Talking Business podcast: remote signing FAQS

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In this episode, host Sophie Brookes is joined by legal director Joanna Belmonte to answer all the key questions around signing documents remotely, including via electronic signatures. Together they will discuss the process of signing documents remotely and outline the rules which must be followed to ensure the signed document is legally binding.

In this episode:

  • We define electronic signatures;
  • We outline what documents you need as a witness to an electronic signature;
  • We look at whether documents that require a witness can be electronically signed; 
  • We look at the procedures in place if a signature is not going to be available;
  • We outline how a company executes a deed;
  • We outline the rules which apply to electronic signatures;
  • We look at the rules and requirements some organizations or public bodies might have in relation to signatures; 
  • We outline the formal signing platforms which can be used for electronic signatures;
  • We list our top tips for dealing with remote or electronic signings.

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This episode is part of our Talking Business podcast series. Learn more about the series and what we cover. This podcast is available on SpotifyApple Podcasts and Google Podcasts.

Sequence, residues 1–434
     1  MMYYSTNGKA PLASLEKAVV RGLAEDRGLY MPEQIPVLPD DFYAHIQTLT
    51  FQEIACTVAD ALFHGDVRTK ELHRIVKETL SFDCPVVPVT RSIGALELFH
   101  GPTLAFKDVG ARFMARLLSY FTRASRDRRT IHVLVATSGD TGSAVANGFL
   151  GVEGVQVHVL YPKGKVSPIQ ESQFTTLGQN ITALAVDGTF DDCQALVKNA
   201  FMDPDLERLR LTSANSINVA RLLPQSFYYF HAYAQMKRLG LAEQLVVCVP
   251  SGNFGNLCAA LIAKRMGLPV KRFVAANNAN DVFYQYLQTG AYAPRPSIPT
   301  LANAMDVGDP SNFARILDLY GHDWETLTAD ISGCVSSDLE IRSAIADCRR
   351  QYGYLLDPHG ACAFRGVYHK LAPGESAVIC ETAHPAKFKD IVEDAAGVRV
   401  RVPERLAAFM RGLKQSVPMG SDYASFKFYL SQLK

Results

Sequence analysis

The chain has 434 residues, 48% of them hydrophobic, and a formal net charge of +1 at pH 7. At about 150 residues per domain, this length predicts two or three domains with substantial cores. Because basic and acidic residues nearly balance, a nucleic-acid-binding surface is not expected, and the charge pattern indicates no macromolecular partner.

Read the transcript:

Sophie Brookes: Welcome to Talking Business, your straight-talking guide to dealing with corporate matters. Whether you are a private or public company, an owner-managed business, or an entrepreneur, a director, company secretary, or in-house counsel, this is the podcast for you. My name is Sophie Brookes and I'm a partner in our corporate team. I was a transactional lawyer for a number of years before becoming a professional support lawyer, which means I'm now responsible for know-how across our corporate team. Each month I'll provide an update on the latest developments that matter to you, and we'll be joined by an expert to take a deep dive into a key corporate law topic.

At the start of the lockdown restrictions back in March 2020, lots of people and organisations, including lawyers had to get to grips with signing documents in different ways. From things like customer contracts to loan agreements, service contracts, shareholder resolutions, all sorts of things, almost everything is now being signed or executed remotely. But you need to get that process right, and you need to follow some basic rules, otherwise, the signed document might not be legally binding. Today I'm going to be asking Joanna Belmonte a legal director and PSL in our banking and finance team for her top tips, the things to be aware of with remote signing and electronic signatures. Okay, Jo, let's start with the basics then. What is an electronic signature?

Joanna Belmonte: There are all sorts of different forms of electronic signature. It can be something as basic as typing your name into a contract or pasting an image of your signature, a photograph of what your signature looks like, can even be using a stylus on a touch screen, like an iPad. There are also more formal ways of applying electronic signatures through specialist web-based platforms, where you can click to have an image of your signature or an electronic signature of your name added to a document.